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Publication #SL453

Citrus Soil pH Management1

Kelly Morgan2

Factors Affecting Soil pH

  • Irrigation with high-pH or saline water can cause a gradual increase in soil pH. It is strongly recommended that an irrigation water-quality (pH and salinity) test be done yearly.

  • Water drawn from the limestone aquifer is high in bicarbonates and has a liming effect on the soil.•

  • Numerous soil amendments, including composts, contain nutrient value and may also have a liming effect resulting in unintended increase in soil pH.

Concern about Soil pH

  • Soil pH determines the solubility and bioavailability of nutrients essential for citrus growth and yield.

  • Research has determined that adjusting soil pH from greater than 7 to the range between 6 to 6.5 increases availability of potassium (K), phosphorus (P), calcium (Ca), manganese (Mn), zinc (Zn) and iron (Fe), improving citrus growth and yield.

  • Ferrous iron found in slightly acid soils is the form available to most plant species, but ferric iron in high-pH soils is not. Thus, citrus grown on high-pH soils will be iron-deficient.

  • When soil pH reaches 5 or lower, aluminum (Al), Fe, Mn, and/or Zn solubility increase in the soil solution and can become toxic to most citrus.

Management Options

  • Management of soil pH and nutrients should include annual soil sampling. Water samples should be taken if elevated soil pH is reported.

  • Irrigation water acidification, elemental sulfur application, or use of acidifying fertilizers are recommended to reduce soil pH to the acceptable range.

  • Injection of acids into irrigation water high in bicarbonates will reduce soil solution pH, removing soil bicarbonates.

  • The current recommendation is to lower irrigation water to a pH between 5 and 6. Soil pH will decrease over time depending on soil buffering capacity and bicarbonate concentration.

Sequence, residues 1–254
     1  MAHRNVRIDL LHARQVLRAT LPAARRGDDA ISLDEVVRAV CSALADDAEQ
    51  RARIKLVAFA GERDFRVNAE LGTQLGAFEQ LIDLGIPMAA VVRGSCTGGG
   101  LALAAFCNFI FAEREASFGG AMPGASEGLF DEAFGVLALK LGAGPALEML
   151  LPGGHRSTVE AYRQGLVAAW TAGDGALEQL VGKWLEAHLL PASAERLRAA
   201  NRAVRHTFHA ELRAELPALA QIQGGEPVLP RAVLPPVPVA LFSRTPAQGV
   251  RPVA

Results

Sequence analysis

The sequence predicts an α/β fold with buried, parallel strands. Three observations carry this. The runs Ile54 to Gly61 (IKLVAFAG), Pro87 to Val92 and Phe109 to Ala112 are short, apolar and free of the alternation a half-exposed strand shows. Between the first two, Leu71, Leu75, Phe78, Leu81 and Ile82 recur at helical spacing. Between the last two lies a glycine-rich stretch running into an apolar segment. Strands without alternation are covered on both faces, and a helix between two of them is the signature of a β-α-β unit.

• The time required to obtain optimum soil pH (6–6.5) can be 6 to 24 months depending on the soil buffer capacity, moisture, temperature, and aeration.

  • In certain cases, elemental sulfur (S) may be applied to the soil. Over time, the soil bacteria will convert the elemental S form into the sulfate form. Sulfuric acid is released in the process, neutralizing hydroxides and bicarbonates.

  • Acid-forming fertilizers are positively charged nutrients, such as ammoniacal-N, K, Ca, and Mg, that lower root zone pH after being absorbed by plants.

  • Long-term use of ammoniacal fertilizers will also result in lowering the pH by nitrification .

  • Sulfate, nitrate, or phosphate ions in fertilizers do not cause soil pH decrease.

pH Test Equipment

Effect of Soil pH on Nutrient Management

  • High soil pH (greater than 7.2) causes NH3 volatilization from fertilized soils with ammoniacal-N sources, such as ammonium sulfate, or ammonium-forming fertilizers, such as urea.

  • Low soil pH exacerbates nutrient-leaching problems because positively charged nutrients such as ammonium, calcium, magnesium, and potassium adsorbed by soil particles may be replaced by hydrogen protons.

  • Nutrient leaching out of the root zone reduces citrus nutrient uptake.

  • Caution is recommended to avoid soil pH lower than 5.0.

Figure 2. 

Avoid soil pH lower than 5.0.


Credit:

Tonya R. Weeks, UF/IFAS


[Click thumbnail to enlarge.]

Figure 3. 

Effect of soil pH on nutrient availability as expressed by relative bar width.


Credit:

Nutrition of Florida Citrus Trees. 2nd Edition. T. A. Obreza and K. T. Morgan


[Click thumbnail to enlarge.]

Footnotes

1.

This document is SL453, one of a series of the Department of Soil and Water Sciences, UF/IFAS Extension. Original publication date December 2019. Visit the EDIS website at https://edis.ifas.ufl.edu for the currently supported version of this publication.

2.

Kelly Morgan, professor and center director, UF/IFAS Southwest Florida Research and Education Center, Immokalee, FL 34142.


The Institute of Food and Agricultural Sciences (IFAS) is an Equal Opportunity Institution authorized to provide research, educational information and other services only to individuals and institutions that function with non-discrimination with respect to race, creed, color, religion, age, disability, sex, sexual orientation, marital status, national origin, political opinions or affiliations. For more information on obtaining other UF/IFAS Extension publications, contact your county's UF/IFAS Extension office.

U.S. Department of Agriculture, UF/IFAS Extension Service, University of Florida, IFAS, Florida A & M University Cooperative Extension Program, and Boards of County Commissioners Cooperating. Nick T. Place, dean for UF/IFAS Extension.